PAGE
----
When a child reads a book they view it as a type of mirror world—as if by magic they become the main characters, living and breathing in that character’s mind. Gender holds no boundaries when it comes to this mirror world. Whether they are a boy or a girl, when they read Harry Potter and the Sorcerer’s Stone, they become Harry Potter. When they read The Lightning Thief, they are Percy Jackson. The mirror world is not only beneficial to children because they get to learn about new places, but they get to experience emotions and situations they otherwise might not get to experience. The mirror world is why reading is the most important thing a child should be doing.
Recently I read a fantastic middle-grade book entitled, Wonder, by R. J. Palacio. This book is about an eleven-year-old boy named August Pullman (Auggie) who was born with mandibulofacial dysostosis, a very rare facial deformity. The book is written in first person so you really get to see into the mind of Auggie and how much others struggle with his face. People cringe, shy away, even scream when they see him. As I stepped into the mirror world and saw things the way Auggie did, I began to feel things I have never felt before. I was suddenly more aware of how I spoke to others and how I treated them. I wanted everyone to feel important. So often children don’t see how their looks and words can hurt others. One of the best lines from the book is: “… sometimes you don’t have to be mean to hurt someone.” Empathy is learned in the mirror world.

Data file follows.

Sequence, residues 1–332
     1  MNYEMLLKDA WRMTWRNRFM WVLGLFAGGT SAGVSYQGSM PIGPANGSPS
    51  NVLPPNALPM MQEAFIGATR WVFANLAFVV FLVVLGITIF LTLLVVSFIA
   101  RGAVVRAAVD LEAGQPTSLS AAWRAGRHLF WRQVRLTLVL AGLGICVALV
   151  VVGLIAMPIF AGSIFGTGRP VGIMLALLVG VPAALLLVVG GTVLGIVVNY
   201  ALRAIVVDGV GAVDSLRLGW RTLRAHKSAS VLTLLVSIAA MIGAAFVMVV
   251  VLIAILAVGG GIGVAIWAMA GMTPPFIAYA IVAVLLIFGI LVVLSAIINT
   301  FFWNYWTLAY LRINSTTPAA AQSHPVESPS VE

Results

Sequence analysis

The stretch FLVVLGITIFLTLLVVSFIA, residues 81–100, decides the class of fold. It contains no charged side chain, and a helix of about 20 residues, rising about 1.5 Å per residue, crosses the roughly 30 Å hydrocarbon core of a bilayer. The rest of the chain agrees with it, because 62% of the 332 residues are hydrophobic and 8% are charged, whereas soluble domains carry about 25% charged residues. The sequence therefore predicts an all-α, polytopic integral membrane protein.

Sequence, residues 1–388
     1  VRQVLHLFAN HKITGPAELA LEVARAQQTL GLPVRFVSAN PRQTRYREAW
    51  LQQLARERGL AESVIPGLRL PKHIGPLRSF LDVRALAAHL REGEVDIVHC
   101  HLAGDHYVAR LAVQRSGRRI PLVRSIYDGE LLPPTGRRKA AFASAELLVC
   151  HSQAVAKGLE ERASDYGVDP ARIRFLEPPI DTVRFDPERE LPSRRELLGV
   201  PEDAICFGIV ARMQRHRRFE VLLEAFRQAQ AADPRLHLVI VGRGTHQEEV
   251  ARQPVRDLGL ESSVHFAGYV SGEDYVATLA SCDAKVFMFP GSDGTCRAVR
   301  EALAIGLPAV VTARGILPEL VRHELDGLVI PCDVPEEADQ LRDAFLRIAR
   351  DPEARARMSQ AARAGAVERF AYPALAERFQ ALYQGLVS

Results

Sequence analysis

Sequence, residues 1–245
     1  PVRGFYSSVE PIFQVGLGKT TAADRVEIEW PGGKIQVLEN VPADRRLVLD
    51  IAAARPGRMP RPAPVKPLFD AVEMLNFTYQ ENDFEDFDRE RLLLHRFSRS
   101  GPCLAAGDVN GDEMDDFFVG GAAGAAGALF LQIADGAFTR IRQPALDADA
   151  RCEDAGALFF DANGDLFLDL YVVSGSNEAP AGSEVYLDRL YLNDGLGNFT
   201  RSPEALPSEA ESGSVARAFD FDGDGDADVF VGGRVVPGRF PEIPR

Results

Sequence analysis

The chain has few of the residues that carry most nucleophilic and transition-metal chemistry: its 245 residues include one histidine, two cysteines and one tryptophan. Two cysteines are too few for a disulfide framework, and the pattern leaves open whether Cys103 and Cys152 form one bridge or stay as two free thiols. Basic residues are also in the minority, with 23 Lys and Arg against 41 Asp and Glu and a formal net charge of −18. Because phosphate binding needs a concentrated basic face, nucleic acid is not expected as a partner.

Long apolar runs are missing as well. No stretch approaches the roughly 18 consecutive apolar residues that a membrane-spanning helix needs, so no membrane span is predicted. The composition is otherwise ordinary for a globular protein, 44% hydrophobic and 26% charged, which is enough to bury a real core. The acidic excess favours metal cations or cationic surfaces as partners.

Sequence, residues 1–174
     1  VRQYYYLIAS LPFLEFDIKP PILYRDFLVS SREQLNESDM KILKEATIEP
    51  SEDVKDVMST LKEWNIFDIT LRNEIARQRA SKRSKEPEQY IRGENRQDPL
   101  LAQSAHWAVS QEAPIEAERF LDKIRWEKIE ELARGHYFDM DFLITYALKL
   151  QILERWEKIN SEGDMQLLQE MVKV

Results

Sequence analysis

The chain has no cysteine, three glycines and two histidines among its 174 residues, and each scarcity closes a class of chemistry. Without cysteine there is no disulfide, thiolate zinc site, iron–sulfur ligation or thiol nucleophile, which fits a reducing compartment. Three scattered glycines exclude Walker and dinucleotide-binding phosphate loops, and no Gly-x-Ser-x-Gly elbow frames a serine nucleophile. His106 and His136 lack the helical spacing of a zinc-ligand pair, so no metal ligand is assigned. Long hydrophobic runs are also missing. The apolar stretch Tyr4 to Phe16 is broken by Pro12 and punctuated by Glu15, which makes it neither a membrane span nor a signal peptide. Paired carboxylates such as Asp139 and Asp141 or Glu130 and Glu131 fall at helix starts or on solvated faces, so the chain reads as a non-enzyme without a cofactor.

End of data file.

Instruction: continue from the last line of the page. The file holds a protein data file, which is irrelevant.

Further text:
The mirror world can not only help children learn to feel what others go through, it can help children overcome fears and challenges. Bullying is something that happens all the time and there’s not much parents and teachers can do to stop it. The best way to extinguish the problem is the victim empowering themselves. The mirror world can do that. I was ecstatic when two years ago I received an email from one of my readers who had been dealing with a bully issue at school. They said after they read about Kaelyn’s experience in The Dream Keeper they felt they could stand up to their bully. Reading had empowered them and their problems with the bully went away. They learned to stand up for themselves through a book! I think that’s amazing.
As parents, as teachers, as librarians, as human beings, we should be encouraging all children to step into the mirror world and embrace the magic within. Share with them good books that made you “feel” something when you read (yes, that means YOU should be reading too). The more they experience the better they will be able to deal with the world around them and understand the people within it.